For a game about making maps, Cartographer Heroes has some issues finding itself. Sitting down to play, there are some great fantastical elements of drawing and creating a fantasy kingdom, but at the edge of the experience lingers feelings that the game’s elements simply do not tie together that well. Perhaps following this intuition, one begins to see cracks in something that really should have been pretty simple. The overall feeling one cannot shake is there is such a good idea here, but it failed to go to where it should have.
Cartographers Heroes is a ‘Flip and Write’ style game where players flip a card each turn representing various types of lands in an unexplored kingdom, and have to draw this on their map sheet. These cards may be forests, oceans, towns and so on, and each player draws the Tetris-like blocks on their map with the intent of achieving goals set at the beginning of the game. Yes, there is a bit of a strange inconsistency considering you play as a ‘cartographer’ but the game seems to revolve around more about being a planner, as each player can put the currently revealed land anywhere on their map, meaning the land being explored oddly looks very different for each person.
Each games starts with four random goals set in front of the players, and they all start with the same blank map, and at the end of the game the king will decide out of all these vastly different maps, which one probably resembles what the land to the west actually looks like. In seriousness, the winner is determined from the starting goal cards which range from having the longest line of forests, farms being next to water, or blocking off entire rows or columns on the map. There is a good variety of these. The rest of the game revolves around flipping and drawing ‘explore’ cards, which are in short supply unfortunately.
The game is played in ‘Seasons’ and each season has a somewhat random set of cards that are flipped, but typically resolve to around 4-6 cards a season. These explore cards are flipped one at a time, drawn onto each player’s map and then the next card is flipped. The pace is pretty fast, however the very small amount of explore cards causes pretty bad repetition throughout the game. Seeing the little hamlets or woods is cool, it’s not as exciting seeing it for the fourth time in the same game 20 minutes later.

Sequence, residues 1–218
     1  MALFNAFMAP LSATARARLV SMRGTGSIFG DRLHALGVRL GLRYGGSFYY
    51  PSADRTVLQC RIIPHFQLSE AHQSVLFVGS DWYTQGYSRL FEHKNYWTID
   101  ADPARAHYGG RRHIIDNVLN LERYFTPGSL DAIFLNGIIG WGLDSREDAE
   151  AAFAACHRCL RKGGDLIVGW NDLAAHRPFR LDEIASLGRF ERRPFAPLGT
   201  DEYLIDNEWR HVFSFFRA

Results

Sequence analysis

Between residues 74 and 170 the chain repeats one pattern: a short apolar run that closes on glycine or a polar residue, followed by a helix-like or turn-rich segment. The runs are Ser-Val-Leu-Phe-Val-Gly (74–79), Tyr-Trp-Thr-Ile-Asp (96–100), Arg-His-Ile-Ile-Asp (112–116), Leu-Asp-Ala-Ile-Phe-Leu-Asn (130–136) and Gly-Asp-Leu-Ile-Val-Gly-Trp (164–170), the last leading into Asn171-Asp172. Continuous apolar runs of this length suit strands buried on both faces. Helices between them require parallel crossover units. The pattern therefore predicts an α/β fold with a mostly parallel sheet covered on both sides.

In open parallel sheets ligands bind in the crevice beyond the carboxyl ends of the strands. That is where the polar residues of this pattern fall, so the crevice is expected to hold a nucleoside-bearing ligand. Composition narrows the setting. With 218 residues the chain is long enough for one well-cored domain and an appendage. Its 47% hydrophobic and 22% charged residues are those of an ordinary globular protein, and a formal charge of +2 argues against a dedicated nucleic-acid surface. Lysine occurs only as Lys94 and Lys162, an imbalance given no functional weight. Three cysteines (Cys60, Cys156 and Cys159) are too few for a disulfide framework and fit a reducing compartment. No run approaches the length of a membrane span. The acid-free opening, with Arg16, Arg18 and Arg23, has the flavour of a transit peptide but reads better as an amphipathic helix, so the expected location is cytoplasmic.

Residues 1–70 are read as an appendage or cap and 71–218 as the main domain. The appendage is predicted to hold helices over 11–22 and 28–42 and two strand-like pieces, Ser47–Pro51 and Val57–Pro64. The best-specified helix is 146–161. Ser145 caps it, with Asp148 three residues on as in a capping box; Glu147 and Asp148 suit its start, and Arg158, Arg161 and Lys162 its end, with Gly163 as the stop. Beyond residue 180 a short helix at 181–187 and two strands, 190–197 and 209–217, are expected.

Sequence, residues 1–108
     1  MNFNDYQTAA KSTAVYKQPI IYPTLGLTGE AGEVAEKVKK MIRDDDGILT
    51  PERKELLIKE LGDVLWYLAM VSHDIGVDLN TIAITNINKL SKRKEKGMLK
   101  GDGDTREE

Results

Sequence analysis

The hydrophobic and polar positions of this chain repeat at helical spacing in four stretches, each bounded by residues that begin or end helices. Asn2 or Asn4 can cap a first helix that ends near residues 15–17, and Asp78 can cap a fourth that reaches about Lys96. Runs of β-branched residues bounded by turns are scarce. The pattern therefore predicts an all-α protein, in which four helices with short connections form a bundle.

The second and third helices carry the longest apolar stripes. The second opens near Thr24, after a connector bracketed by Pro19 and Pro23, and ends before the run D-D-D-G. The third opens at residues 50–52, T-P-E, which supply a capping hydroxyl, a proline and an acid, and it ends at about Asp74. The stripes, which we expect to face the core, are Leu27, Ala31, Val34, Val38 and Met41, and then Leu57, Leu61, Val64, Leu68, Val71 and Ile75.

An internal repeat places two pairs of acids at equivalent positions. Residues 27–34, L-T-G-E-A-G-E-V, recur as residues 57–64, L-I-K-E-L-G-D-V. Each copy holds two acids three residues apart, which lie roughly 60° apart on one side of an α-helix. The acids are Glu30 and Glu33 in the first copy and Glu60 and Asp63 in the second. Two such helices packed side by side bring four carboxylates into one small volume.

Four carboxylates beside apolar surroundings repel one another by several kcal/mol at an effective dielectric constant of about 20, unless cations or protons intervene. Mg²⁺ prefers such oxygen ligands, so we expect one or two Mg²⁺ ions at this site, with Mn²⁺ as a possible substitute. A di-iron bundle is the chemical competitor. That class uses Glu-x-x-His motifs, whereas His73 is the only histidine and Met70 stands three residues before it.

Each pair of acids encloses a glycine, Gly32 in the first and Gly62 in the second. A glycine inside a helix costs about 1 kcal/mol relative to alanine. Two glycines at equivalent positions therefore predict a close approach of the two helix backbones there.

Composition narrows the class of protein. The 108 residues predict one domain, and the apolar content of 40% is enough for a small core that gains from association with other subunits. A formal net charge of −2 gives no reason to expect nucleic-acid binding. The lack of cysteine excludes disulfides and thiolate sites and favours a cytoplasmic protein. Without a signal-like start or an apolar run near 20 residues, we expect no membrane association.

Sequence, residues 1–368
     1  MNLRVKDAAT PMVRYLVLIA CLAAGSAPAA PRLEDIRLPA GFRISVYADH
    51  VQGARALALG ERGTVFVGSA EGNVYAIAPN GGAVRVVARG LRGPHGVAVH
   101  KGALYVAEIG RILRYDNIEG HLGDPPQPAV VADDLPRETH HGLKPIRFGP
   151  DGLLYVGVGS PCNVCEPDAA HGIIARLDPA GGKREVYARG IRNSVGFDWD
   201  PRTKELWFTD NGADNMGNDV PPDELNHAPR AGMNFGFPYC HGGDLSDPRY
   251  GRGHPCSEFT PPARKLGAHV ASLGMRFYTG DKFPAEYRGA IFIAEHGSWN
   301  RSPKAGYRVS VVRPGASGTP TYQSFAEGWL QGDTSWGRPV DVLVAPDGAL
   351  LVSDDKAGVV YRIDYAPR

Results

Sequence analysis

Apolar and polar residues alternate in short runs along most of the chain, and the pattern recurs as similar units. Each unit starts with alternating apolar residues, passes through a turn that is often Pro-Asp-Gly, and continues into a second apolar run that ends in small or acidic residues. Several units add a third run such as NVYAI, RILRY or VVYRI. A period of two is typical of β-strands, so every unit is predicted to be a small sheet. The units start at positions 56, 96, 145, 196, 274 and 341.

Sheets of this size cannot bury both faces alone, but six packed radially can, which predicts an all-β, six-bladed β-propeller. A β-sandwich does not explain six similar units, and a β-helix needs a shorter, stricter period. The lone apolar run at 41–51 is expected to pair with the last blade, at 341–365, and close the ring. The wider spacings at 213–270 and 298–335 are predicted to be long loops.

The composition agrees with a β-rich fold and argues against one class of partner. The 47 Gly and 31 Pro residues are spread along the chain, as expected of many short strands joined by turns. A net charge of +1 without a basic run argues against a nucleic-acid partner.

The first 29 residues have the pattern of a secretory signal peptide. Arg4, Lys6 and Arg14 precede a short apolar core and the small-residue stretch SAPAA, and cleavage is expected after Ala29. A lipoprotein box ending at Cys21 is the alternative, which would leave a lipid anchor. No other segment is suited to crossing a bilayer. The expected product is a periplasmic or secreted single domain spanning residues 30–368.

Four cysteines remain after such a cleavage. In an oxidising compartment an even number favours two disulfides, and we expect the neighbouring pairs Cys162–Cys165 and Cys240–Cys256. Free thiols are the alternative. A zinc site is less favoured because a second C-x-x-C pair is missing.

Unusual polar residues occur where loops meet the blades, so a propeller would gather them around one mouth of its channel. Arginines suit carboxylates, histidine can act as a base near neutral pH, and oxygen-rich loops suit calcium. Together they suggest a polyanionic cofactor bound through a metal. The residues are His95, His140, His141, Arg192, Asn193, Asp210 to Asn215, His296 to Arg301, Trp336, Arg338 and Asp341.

The titular heroes, and the monsters, are ultimately a letdown. When a monster flips up, everyone passes their map to the left or right and draws the monster somewhere on their neighbor’s board then gives it back. These monsters amount to very minor ‘take that’s’ and are more of an annoyance than anything, especially because part of the fun is coming up with your own kingdom. Having a random zombie placed off in the corner doesn’t feel right. There are also heroes that pop up and enable you to draw a few X shapes over the monsters. To say it feels tacked on would be a bit of an understatement.
The only player interaction at all is the placement of monsters, which leads to the very strong reality of this being mostly a solo experience. The game goes quick enough and it is fun watching everyone’s maps come together. The monsters feel gimmicky and do nothing beyond blotch someone else’s nice kingdom they are drawing. In a way, imagine a game where the goal is to draw a picture, and halfway through, each player gets to draw a big fat line right through it. It’s kind of pointless, and you are left with the subtle sense of having done something wrong.
A strange feeling happens as you play the game more. The very core of the game is actually pretty fun, it appeals to a wide range of people, and it’s satisfying drawing the lands. The enjoyment comes from the varied goals and trying to plan the perfect setup. What Cartographers Heroes lacks, obviously so, is more explore cards. They get used too many times in a single game, and given how many total varieties one could imagine, it is disappointing there are not at least double or triple of them.
For a play through or two, Cartographer Heroes provides a fun change of pace compared to most board games, however, its problems arise fairly quickly due to its repetitious nature. Fundamentally, it’s a solo game and the monsters/heroes are more of a distraction. Drawing the perfect little kingdom is a fun experience, but the game really needs more explore cards for new things for the players to draw.